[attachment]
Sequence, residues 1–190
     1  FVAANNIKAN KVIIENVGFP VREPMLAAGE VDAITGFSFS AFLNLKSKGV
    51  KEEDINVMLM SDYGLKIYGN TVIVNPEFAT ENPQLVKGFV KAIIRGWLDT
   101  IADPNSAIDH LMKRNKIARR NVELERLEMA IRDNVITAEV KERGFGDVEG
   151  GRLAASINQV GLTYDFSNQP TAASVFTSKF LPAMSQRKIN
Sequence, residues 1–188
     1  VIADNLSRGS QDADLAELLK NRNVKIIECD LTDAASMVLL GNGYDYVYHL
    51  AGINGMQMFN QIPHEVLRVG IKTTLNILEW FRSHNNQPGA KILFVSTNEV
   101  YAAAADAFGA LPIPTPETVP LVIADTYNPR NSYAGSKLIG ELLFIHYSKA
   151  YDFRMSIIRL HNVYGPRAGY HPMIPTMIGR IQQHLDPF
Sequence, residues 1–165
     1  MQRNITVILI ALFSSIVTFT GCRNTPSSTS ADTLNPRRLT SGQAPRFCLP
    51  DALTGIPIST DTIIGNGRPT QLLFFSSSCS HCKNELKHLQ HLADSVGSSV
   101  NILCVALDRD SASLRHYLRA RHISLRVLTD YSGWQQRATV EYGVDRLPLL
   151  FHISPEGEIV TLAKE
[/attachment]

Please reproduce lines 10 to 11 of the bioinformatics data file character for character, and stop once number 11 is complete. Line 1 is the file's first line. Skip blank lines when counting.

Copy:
   151  YDFRMSIIRL HNVYGPRAGY HPMIPTMIGR IQQHLDPF
Sequence, residues 1–165